Reliability. Because it is nearly impossible to conduct repairs once a satellite is launched, all the components on-board have to operate satisfactorily even under end-of-life conditions. This requirement affects not only the choice of the components but also the method of assembly. The transmitter and receiver packages must be of total-solder construction and must be epoxy-free. The use of organic material within hermetically sealed packages has been reported to adversely affect the reliability of active optical components under certain circumstances. Further, the solder itself must not fail over a large number of temperature cycles. Temperature cycling, between -30°C and 100°C, on the order of 100,000 times over the life of the satellite is not inconceivable.

Diode laser design and performance

A Fabry-Perot, multiple-longitudinal-mode, InGaAs/AlGaAs diode laser operating at about 1 µm at room temperature was chosen to implement the data link. The laser structure is similar to a SDL-6500 series high-power 980-nm laser used as a pump for erbium-doped fiber amplifiers.5

Fiber attenuation and dispersion are not critical issues for sufficiently short-haul, high-speed data links, which, unlike long-haul telecommunication links, are limited by dynamic range and not the ultimate sensitivity. The short (𩡴 m) fiber lengths used in satellites permit the use of 1-µm-wavelength diode lasers, which have significant temperature, power, and bandwidth advantages.

Critical in the choice of the diode laser are low threshold current, high external efficiency, high modulation bandwidth, and the stability of these parameters with temperature.

At temperatures from 25°C to 145°C, the light-current curves of a typical 1-µm-wavelength diode laser used in the transmitter exhibit good linearity (see Fig. 1). Even at 145°C, the maximum output power is about 25 mW. The threshold current at 25°C is 5.6 mA and at 125°C is 20.1 mA. This laser bias-current variation is small and well within the capabilities of commercial laser-driver electronics.

Transmitter and receiver design

The receiver and transmitter operate from a single 5-Vdc power supply (see Fig. 2). The electrical data input to the transmitter and the data output from the receiver are PECL (pseudo emitter coupled logic) compatible, giving a differential ECL voltage swing with respect to 5 V. The transmitter provides a 50-W termination to an internal pull-up voltage (Vp) for PECL operation, and the output of the receiver is terminated by 330 W to ground, providing the required ECL voltage swing. In the recommended operating mode the data lines are ac-coupled, and the incoming data should be encoded to minimize its low frequency content. We have tested our data links primarily using 8B/10B encoded data used in Fibre Channel applications, but other forms of encoding that have the same low frequency characteristics will work as well.6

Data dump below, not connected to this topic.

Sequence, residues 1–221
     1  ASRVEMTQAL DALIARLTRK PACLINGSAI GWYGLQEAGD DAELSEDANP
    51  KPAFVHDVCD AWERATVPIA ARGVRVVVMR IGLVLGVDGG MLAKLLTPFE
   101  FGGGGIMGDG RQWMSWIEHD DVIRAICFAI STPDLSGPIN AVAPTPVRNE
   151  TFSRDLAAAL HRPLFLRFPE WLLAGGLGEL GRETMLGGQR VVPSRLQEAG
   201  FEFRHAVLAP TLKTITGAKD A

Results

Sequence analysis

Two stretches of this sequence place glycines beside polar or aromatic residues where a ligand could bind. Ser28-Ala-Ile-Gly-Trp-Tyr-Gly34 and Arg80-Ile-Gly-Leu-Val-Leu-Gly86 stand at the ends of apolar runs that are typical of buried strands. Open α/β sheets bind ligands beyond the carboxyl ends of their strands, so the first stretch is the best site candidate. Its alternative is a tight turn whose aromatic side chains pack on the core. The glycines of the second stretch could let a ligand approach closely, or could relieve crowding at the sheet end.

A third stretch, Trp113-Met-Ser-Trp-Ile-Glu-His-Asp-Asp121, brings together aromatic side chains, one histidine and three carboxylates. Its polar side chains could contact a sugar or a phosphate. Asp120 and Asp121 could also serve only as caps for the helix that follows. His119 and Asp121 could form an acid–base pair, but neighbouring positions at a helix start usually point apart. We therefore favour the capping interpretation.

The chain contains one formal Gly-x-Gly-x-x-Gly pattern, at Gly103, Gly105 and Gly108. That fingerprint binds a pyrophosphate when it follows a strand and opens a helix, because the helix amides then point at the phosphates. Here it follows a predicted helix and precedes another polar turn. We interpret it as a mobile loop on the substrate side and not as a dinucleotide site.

In addition to the laser, the transmitter consists of a silicon bipolar driver IC. A large-area InGaAs photodiode provides laser back-facet monitoring and automatic average power control. This feedback circuit provides the laser dc bias. The dc-bias port is electrically isolated from the high-speed differential laser driver within the package. The laser is mounted junction side up and has a small bonding area for reduced capacitance.

The receiver consists of a high-speed, rear-illuminated InGaAs/InP Schottky photodiode, a silicon bipolar transimpedance amplifier, and a limiting postamplifier. The transimpedance of the receiver front end is 2 kW and the bandwidth is 1 GHz. Receivers with avalanche photodiodes (APDs) have higher sensitivity at a 1-Gbit/s data rate at room temperature, but APD receivers require an additional high-voltage supply and an optimized bias to minimize noise performance. The APD noise characteristics are also very temperature sensitive, and it is not possible to implement a fiberoptic link operating consistently over a wide temperature range. The receiver and transmitter are single-mode fiber coupled and do not contain isolators or any other optical elements. The transmitter and receiver are hermetically sealed 26-pin butterfly packages, and, including the fiber pigtail, each weighs about 28 g (see photo on p. 117). The packages are 1.28 ¥ 0.6 ¥ 0.24 in.

High-speed performance

For the high-speed data-transmission experiment, the receiver and transmitter are connected back-to-back and placed in a temperature-controlled oven. The link power-sensitivity measurements are done at 1.24416 Gbit/s with 8B/10B coded data. The receiver input power is varied using a programmable optical attenuator. The transmitter and receiver are not adjusted in any way to obtain optimum performance at the various temperatures (see Fig. 3). The average output power for the transmitter exceeds 0 dBm, and the variation can be kept within ۯ% (stability of the fiber coupling scheme) at all temperatures. The receiver eye diagrams are for -21 dBm (ª 8 µW) of input optical power. The SONET (synchronous optical network) OC-24 mask is shown on the eye diagrams, and the BER is below 10-11 at all temperatures at this input optical power level.

There is a 1-dB penalty in sensitivity when the temperature increases from 30°C to 90°C and a further 1-dB penalty in operating at 125°C (see Fig. 4). The curves between -55°C and 30°C are all very close to one another and there is less than 1-dB penalty in operating at any temperature in this range, which is evidence of receiver insensitivity to temperature. The linear relationship on a modified log plot for all temperatures indicates that the link performance is limited by receiver noise. The sensitivity is better -22 dBm for a BER of 10-11 at all temperatures. This optical power is measured at the input to the receiver and includes all the package coupling losses. This performance is impressive considering the fact that the data link operates over this wide temperature range from a single 5-V supply and is not continually optimized for performance. The saturation level of the receiver is about 0 dBm, and the link dynamic range is in excess of 20 dB.

Environmental and radiation testing